Q & A with M.J. Pangman, author of Dancing with Water
Q: If hydrogen bonds in water only last nanoseconds, how can you maintain water’s structure?
A:The new sciences are beginning to look at many things from an energetic perspective—including water. In fact, they are beginning to define life in terms of the flow of energy rather than in terms of chemistry. When water molecules become organized to create a coherent liquid crystalline matrix, an energy “field” comes into existence around the water. It can be photographed and measured – like the aura around the human body (which is also a coherent liquid crystalline matrix.) The energy field helps to hold the liquid crystalline structure–and the structure of the molecules provides a pathway for the flow of energy. From a new perspective, this is life itself. Hence, the term, “living water.” There are things that will disrupt water’s structure: heat, microwaves and other unnatural electromagnetic frequencies, fluorescent lights, direct sunlight for a long period of time, contaminants, stagnation, etc. but when the right forces come together (those outlined in the book,Dancing with Water) and a coherent field is established, hydrogen bonds become much more stable and water can maintain a good degree of structure for quite some time. –MJ Pangman
Q: Does boiling structured water cause it to lose its structure and energy?
A: Boiling causes water molecules to move further apart. Many of the bonds that are characteristic of structured water are broken. However, if the water has been structured prior to boiling, it has the ability to re-assemble (structurally) much more easily. It is as if it “remembers” the energetic pattern and it is much easier for it to assume the original hexagonal structure. One way we know this is through experience. For example: those using teapots have noticed that when they begin to use structured water, they no longer have a problem with scale build-up on the inside of the teapot. (The elimination of scale is a classic sign that the water is structured, and since water generally sits in a teapot after boiling, the fact that scale no longer exists, is an indicator that the water still retains a degree of structure after cooling.) However, it is a good idea to incorporate some kind of restructuring method after boiling. If the water is allowed to cool within an environment that supports its structure, (within a Tensor ring, on a laminar crystal coaster, inside an egg-shaped container, in the presence of ANCHI Crystals, etc.) it will re-assemble rapidly. In many ways, heat opens the water to receive and to store energy. This is one reason teas and other plant essences are placed in heated water. Not only does the heat release the plant nutrients into the water but the water is in a more receptive state.–MJ Pangman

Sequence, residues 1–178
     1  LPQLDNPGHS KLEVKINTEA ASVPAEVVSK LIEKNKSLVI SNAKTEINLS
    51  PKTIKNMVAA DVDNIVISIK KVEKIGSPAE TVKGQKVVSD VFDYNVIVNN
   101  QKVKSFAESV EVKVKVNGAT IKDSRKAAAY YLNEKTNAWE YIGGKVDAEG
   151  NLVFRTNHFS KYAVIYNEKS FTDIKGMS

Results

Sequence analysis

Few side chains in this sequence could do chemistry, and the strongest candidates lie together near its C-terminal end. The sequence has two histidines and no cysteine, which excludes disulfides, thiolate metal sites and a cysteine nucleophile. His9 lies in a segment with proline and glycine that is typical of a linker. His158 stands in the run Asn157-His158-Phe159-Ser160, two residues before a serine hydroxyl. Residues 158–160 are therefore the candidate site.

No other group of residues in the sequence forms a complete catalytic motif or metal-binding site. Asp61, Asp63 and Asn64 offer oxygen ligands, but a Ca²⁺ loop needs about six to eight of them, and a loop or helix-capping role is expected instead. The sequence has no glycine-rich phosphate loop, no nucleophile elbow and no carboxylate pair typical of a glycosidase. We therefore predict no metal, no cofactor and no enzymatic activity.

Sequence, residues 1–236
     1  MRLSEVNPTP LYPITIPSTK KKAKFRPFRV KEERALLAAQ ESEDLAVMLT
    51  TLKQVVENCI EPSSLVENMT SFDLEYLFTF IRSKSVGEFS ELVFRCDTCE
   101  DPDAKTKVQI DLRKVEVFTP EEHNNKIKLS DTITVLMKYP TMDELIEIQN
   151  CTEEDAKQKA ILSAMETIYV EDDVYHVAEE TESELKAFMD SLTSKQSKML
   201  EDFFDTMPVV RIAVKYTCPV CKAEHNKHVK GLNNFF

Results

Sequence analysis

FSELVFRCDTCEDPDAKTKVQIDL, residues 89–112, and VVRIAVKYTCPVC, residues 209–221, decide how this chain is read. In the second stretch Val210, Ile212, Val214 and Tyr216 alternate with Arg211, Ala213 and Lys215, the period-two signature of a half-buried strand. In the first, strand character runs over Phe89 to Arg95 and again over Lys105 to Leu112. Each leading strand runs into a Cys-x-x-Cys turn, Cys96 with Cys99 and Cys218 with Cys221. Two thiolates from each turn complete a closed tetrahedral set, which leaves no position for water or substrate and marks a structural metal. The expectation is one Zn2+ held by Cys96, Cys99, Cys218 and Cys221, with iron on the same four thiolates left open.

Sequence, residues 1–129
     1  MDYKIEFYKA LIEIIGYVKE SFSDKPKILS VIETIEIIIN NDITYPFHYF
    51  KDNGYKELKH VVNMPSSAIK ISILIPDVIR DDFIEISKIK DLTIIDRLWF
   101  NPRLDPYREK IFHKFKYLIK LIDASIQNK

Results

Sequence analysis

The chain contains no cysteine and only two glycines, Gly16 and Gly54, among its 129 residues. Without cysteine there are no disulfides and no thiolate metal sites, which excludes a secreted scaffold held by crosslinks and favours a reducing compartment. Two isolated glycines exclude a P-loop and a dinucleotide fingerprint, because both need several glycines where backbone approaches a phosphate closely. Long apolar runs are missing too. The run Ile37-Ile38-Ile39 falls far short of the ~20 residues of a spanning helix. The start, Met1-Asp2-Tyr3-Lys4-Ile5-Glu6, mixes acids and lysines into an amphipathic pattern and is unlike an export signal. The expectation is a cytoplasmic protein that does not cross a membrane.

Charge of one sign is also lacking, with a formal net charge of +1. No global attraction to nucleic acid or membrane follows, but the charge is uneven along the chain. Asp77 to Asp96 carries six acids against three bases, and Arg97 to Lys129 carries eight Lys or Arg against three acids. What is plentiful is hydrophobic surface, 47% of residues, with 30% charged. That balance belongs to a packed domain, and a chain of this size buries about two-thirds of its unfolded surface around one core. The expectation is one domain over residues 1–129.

Q: What is the silty deposit that precipitates out of my structured water?
A: Large mineral conglomerates can stay dissolved in unstructured water— mixed within the unorganized water molecules. However, when water is structured, the molecular matrix that develops will not hold large mineral colloids. They fall out or sometimes drift to the top of the water, depending on their weight. They eventually gather to form what you see as “silt” on the bottom of your water container. This “silt” is not at all like scale which forms crusty, hard-to-remove, layers. Mineral deposits from structured water are easily removed—as easy as swishing with distilled vinegar for 2-3 minutes. Scale removal takes much greater effort . That’s because the minerals are bonded differently to each other. Perhaps, without realizing it, you have noticed that something similar happens when you freeze water that has lots of minerals in it—especially calcium. As the water thaws, it looks like there are floaters in the water. Those floaters are the minerals that couldn’t remain dissolved as the water attained structure when it froze. Structured water is a liquid crystal; ice is a solid crystal.–MJ Pangman
Q: Glass and ceramic are very different. Why are both materials recommended for the storage of water?